Managing Boredom In Recovery

June 30, 2020

Call it idleness of the mind, feelings of futility or whatever you like, but boredom is a normal part of life for countless people. Psychologists describe boredom as what takes place when: 

  • We can’t engage in internal or external stimuli to feel satisfied
  • We are focused on being unengaged and unsatisfied
  • We attribute the feelings to our environment, not ourselves

While boredom can sometimes spur positive, creative activity, experiencing too much idleness throughout addiction recovery can have negative consequences. 

Boredom Is Common for Those in Recovery

Sobriety and boredom often go hand in hand. Before undergoing rehabilitation, a person addicted to alcohol likely filled his or her time with activities related to drinking. Tracking down and using substances and spending time with others who share the habit can take up much of the day. After getting sober, however, your time won’t be filled with these efforts. 

In fact, you may experience boredom in recovery if: 

  • You don’t have a strong support network
  • You struggle to enjoy activities you once found interesting
  • You aren’t sure of your interests when drugs or alcohol are not involved

Dealing with Boredom in Recovery 

Of the many issues you might face during recovery, boredom is more manageable than most. These feelings of idleness don’t have to come into your life, take root and become a recurring problem. Here are some ways you can combat boredom in recovery: 

  • Look for a new hobbyIf you find yourself with too much time to kill, consider a new hobby. Your interests may have changed since achieving sobriety, so don’t be afraid to attempt something out of the ordinary. You might even try volunteering at a local community center or animal shelter.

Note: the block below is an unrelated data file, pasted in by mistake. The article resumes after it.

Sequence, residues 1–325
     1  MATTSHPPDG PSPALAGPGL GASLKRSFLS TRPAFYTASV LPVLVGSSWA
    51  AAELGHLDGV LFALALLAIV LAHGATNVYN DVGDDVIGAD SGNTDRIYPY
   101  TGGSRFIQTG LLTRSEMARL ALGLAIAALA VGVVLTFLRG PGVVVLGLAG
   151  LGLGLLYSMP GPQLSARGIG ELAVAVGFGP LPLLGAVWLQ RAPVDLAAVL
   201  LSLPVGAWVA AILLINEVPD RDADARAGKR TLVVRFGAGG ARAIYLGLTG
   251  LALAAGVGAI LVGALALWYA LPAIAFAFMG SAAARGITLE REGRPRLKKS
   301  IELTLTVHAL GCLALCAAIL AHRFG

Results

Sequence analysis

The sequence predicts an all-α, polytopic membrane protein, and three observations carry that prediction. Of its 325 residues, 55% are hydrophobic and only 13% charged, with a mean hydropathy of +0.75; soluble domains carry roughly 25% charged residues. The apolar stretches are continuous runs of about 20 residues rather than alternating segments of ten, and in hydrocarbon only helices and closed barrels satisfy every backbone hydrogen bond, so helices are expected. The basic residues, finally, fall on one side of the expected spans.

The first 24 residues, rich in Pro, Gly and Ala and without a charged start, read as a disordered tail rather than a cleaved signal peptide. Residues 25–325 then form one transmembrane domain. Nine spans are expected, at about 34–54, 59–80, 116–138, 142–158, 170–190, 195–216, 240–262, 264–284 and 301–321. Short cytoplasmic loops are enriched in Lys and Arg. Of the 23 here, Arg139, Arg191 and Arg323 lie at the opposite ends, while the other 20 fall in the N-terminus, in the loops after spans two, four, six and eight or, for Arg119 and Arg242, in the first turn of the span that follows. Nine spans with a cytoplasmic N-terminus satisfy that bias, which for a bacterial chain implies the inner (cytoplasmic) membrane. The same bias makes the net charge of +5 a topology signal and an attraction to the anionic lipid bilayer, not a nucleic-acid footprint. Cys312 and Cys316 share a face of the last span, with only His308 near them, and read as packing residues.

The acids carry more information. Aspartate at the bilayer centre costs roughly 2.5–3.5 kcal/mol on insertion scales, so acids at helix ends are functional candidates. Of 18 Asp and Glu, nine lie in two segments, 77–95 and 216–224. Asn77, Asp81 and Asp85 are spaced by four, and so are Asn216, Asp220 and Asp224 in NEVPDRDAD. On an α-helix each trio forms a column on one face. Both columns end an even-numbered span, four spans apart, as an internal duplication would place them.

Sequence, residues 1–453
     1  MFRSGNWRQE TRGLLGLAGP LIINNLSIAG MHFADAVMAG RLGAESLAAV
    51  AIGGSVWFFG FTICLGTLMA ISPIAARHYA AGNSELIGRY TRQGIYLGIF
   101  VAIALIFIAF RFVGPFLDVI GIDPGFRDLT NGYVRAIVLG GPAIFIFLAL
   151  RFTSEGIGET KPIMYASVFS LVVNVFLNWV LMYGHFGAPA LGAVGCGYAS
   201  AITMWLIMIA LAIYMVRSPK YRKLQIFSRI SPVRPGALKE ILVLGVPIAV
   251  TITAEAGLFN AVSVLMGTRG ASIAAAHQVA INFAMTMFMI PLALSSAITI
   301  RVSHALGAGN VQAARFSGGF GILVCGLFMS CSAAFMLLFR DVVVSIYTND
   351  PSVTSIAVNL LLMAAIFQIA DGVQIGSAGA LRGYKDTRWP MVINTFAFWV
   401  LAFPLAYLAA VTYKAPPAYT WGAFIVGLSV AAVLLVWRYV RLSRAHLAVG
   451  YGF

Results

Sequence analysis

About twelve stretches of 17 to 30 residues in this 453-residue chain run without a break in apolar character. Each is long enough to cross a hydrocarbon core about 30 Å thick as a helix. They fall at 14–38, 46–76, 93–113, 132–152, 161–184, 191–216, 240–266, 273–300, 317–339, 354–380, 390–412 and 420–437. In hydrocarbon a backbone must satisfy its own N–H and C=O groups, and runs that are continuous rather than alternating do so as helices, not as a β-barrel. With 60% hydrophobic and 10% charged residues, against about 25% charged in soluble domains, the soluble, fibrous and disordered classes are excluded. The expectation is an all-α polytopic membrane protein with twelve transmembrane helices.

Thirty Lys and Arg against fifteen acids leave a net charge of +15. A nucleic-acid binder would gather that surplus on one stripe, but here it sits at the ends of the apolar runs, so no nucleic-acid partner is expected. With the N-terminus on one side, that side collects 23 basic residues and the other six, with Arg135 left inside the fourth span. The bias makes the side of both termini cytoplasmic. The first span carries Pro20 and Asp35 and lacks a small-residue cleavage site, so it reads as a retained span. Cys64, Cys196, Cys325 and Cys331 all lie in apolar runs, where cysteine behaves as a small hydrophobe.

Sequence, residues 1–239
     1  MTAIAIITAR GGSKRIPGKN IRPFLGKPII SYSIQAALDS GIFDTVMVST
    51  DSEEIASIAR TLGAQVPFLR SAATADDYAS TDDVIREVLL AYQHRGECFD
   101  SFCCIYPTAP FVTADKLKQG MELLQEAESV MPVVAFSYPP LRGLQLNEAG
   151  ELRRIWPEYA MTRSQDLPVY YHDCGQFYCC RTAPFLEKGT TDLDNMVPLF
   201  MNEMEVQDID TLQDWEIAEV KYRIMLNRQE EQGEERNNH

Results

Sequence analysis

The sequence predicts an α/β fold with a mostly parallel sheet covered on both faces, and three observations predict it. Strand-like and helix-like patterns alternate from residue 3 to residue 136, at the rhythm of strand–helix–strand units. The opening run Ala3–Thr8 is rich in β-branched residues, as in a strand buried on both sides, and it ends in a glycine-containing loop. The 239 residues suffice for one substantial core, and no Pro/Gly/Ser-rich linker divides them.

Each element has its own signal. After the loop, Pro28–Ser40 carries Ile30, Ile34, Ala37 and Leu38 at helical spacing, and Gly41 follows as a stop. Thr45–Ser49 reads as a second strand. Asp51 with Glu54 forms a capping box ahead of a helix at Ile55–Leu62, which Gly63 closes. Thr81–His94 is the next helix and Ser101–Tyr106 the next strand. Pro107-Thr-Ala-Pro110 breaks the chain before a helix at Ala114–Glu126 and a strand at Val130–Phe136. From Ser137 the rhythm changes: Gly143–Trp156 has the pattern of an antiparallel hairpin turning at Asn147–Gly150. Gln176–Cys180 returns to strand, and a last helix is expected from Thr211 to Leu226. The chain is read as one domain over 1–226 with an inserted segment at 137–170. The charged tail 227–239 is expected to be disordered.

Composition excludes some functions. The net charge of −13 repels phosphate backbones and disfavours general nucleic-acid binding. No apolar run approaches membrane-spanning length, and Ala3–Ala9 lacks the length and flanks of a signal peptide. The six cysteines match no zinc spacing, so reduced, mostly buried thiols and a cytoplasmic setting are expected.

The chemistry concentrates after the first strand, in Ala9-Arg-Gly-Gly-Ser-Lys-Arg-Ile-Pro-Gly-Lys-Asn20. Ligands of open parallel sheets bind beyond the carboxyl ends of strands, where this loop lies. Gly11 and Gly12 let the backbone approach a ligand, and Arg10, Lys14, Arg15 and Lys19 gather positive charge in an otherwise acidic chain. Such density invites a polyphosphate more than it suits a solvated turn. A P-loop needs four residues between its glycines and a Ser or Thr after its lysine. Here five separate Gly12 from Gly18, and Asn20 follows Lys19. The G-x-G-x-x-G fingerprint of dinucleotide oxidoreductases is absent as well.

• Change your environment.Sometimes, a simple change of scenery can alleviate problems with boredom. If you’re feeling stuck, take a walk or go for a drive to see something different. Unmotivated at work? Take a break, readjust your workstation or ask a supervisor about tackling another project, even temporarily.
  • Use boredom to do something good for yourself.You’ve made it this far, so don’t let boredom take control. Use your free time to be kind to your body or mind. Meditate, engage in exercise — find something that makes you happy.
  • Talk to someoneAlthough this might be difficult, perhaps you could call a loved one or strike up a conversation with a relative. If you don’t have anyone to talk to, consider joining a support group.
  • Learn how to embrace boredom.Boredom doesn’t have to be a bad thing. Learn to use it to your advantage and embrace those moments of stillness. Take the time to think about a new challenge, a goal you want to accomplish or how you want your life to look in the future.

How Boredom Can Be Dangerous 

While disinterest and inactivity are common aspects of life, dealing with boredom in recovery can be risky. If left unchecked, boredom can take over your life when you really need to be focused on achieving sobriety.

If you are not feeling stimulated by the environment, it can leave your mind to reminisce on the excitement of addiction. Then, it might be easy to use the monotony as an excuse to reconnect with friends who still use, which can do serious damage to the rehabilitation process. Preventing boredom throughout recovery could be the key to avoiding relapse.

Buena Vista Recovery Can Help 

The hard work involved in rehabilitation may not always be enough to prevent boredom. At Buena Vista Recovery, we are here to help you throughout the recovery journey. Reach out to us today if you are struggling with sobriety and boredom.